Preacher of Death

The Shocking Inside Story of David Koresh and the Waco Siege
Author: Martin King,Marc Breault
Publisher: Signet
ISBN: 9780451180001
Category: Cults
Page: 375
View: 8054

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A reporter who interviewed cult leader Vernon Howell/David Koresh in 1992, and a former cult member who was second-in-command of the Branch Davidians for many years, describe and explain what led up to the horrifying end of the cult in the Waco fire of April 1993. It is the story of a deluded maniac who exerted a hypnotic influence over his followers and committed many crimes without any legal constraints being brought to bear on him or his sect.

Speaking of Dying

Recovering the Church's Voice in the Face of Death
Author: Fred Craddock,Dale Goldsmith,Joy V. Goldsmith
Publisher: Baker Books
ISBN: 1441238816
Category: Religion
Page: 240
View: 1558

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The church does not cope very well with dying. Instead of using its own resources to mount a positive end-of-life ministry for the terminally ill, it outsources care to secular models, providers, and services. A terminal diagnosis typically triggers denial of impending death and placing faith in the techniques and resources of modern medicine. If a cure is not forthcoming, the patient and his or her loved ones experience a sense of failure and bitter disappointment. This book offers a critical analysis of the church's failure to communicate constructively about dying, reminding the church of its considerable liturgical, scriptural, and pastoral resources when it ministers to the terminally ill. The authors, who have all been personally and professionally involved in end-of-life issues, suggest practical, theological bases for speaking about dying, communicating with those facing death, and preaching about dying. They explore how dying--in baptism--begins and informs the Christian's life story. They also emphasize that the narrative of faith embraces dying, and they remind readers of scriptural and christological resources that can lead toward a "good dying." In addition, they present current best practices from health professionals for communication among caregivers and those facing death. The book includes a foreword by Stanley Hauerwas.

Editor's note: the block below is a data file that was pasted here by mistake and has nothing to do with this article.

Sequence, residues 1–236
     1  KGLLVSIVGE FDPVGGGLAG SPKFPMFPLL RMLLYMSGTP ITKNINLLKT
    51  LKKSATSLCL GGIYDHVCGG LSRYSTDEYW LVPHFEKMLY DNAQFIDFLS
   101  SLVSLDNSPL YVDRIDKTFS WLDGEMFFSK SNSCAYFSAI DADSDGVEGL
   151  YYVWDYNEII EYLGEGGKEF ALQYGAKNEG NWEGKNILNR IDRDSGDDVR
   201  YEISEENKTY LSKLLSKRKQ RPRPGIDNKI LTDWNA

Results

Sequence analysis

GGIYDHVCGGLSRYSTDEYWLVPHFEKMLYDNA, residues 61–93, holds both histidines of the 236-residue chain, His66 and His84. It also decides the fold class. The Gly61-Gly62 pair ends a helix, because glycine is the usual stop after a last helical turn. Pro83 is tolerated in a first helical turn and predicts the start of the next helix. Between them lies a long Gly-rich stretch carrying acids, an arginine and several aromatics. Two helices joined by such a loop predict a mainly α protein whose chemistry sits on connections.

The Undoing of Death

Author: Fleming Rutledge
Publisher: Wm. B. Eerdmans Publishing
ISBN: 9780802830210
Category: Religion
Page: 382
View: 8714

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In this collection of sermons representing 25 years of Holy Week and Easter preaching, Fleming Rutledge offers a wide-ranging vision of the cross and the resurrection.

Thus Spake Zarathustra

Author: Friedrich Nietzsche
Publisher: Wordsworth Editions
ISBN: 9781853267765
Category: Fiction
Page: 320
View: 3366

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This series of aphorisms, put into the mouth of Zarathustra, contains the kernel of Nietzche's original thought. In it he states that "God is dead" and that Christianity is decadent and leads mankind into a slave morality concerned with the next life rather than this.

Preachers of the Italian Ghetto

Author: David B. Ruderman
Publisher: Univ of California Press
ISBN: 9780520077355
Category: History
Page: 168
View: 9528